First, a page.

• We stopped using branches a few years ago. All of our code is directly checked into the master branch. Of course, devs are expected to checkin to the master only if all tests pass on their local environment.

    • Feature Toggles are very useful in those situations when code is checked in, but the corresponding feature is still pending review from say, the product owner. As long as the number of toggles is kept to a minimum, this is a very useful technique to maintain "flow".
  • We practice pair programming - so code reviews are done almost always while the code is being written. Once in a while though, we do switch pairs or get reviews done by members outside the team. CodeClimate is also pretty cool - in helping us keep our technical debt low. [We also love the alerts from CodeClimate - they're useful triggers to refactor certain neglected parts of the code]

2

If you can release every couple of days, it makes sense to stop thinking of things in terms of batches (iterations) and start focusing on the flow of work through your process.

Kanban, for example, doesn't use iterations but prevents overloading and allows predictability by limiting the amount of work that can be in any given stage in your delivery pipeline at one time, and measuring the rate at which you deliver features (rather than velocity as in Scrum).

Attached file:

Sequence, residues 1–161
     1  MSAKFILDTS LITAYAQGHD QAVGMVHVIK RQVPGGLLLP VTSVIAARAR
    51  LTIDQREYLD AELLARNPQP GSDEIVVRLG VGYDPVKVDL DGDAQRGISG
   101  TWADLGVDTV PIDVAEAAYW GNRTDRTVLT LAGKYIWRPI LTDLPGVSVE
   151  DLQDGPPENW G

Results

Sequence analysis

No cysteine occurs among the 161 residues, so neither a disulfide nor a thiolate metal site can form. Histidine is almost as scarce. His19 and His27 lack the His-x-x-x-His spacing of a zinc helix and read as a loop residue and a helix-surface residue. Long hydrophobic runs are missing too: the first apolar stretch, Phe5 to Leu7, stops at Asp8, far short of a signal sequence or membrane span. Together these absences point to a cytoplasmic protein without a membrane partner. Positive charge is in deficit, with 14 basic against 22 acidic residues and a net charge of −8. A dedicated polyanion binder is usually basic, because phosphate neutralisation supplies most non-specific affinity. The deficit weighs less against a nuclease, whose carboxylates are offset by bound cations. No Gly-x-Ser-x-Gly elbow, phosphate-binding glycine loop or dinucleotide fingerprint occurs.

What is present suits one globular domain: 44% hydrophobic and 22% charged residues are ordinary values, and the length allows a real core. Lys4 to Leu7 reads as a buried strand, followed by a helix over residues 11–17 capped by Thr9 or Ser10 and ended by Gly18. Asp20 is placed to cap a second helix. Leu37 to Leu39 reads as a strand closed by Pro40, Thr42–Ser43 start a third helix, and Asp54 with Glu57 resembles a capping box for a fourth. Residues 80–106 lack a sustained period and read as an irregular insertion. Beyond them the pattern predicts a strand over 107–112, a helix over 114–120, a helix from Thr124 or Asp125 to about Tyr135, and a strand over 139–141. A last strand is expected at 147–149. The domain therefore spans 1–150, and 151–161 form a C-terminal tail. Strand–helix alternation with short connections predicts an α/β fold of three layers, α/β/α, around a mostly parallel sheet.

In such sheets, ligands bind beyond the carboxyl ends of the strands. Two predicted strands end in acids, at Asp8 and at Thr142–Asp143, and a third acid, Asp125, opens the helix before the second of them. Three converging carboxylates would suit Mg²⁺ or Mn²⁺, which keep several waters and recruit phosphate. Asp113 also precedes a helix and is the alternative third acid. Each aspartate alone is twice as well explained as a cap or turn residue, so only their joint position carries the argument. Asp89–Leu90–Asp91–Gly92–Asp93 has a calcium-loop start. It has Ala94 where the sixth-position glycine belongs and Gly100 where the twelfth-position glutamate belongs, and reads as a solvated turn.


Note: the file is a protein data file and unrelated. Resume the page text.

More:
There is a good guide available here: http://www.crisp.se/file-uploads/Kanban-vs-Scrum.pdf

I also recommend reading 'Kanban' by David Anderson.

As far as answering your specific questions:

Focussing on flow rather than on a batch commitment removes the need to jump everyone onto code reviews at the end of an iteration. I won't dwell on this one since it's a problem that just goes away if you're not doing sprints.

Rather than doing a planning session every two weeks, perhaps spend a few minutes every morning where the product owner reviews progress of things in flight and has the opportunity to re-prioritise the backlog.

In terms of planning and work ordering, I prefer to have a prioritised list to work though and would never recommend trying to assign work or specify what day something will get done.

When a developer has finished a task, they should look at the board and decide what needs doing next. Finishing things should always take priority so if there are things that can be pushed to live or need code review, these should be done in preference to starting new work.

If they can't work on anything in progress, they should take the next item in priority order to start coding.

I'd encourage them to take initiative and not just blindly pick the next task though. If the second priority item is something they have particular skills or knowledge to do best, by all means pick it up.

  • Good point, the iterations feel a bit bolted-on as we work right now. However, I think the biweekly meeting is useful for us nevertheless - we want, as a team, to plan and estimate the work items, and we probably don't want to meet too often to do this. – hmp Jun 20 '14 at 17:42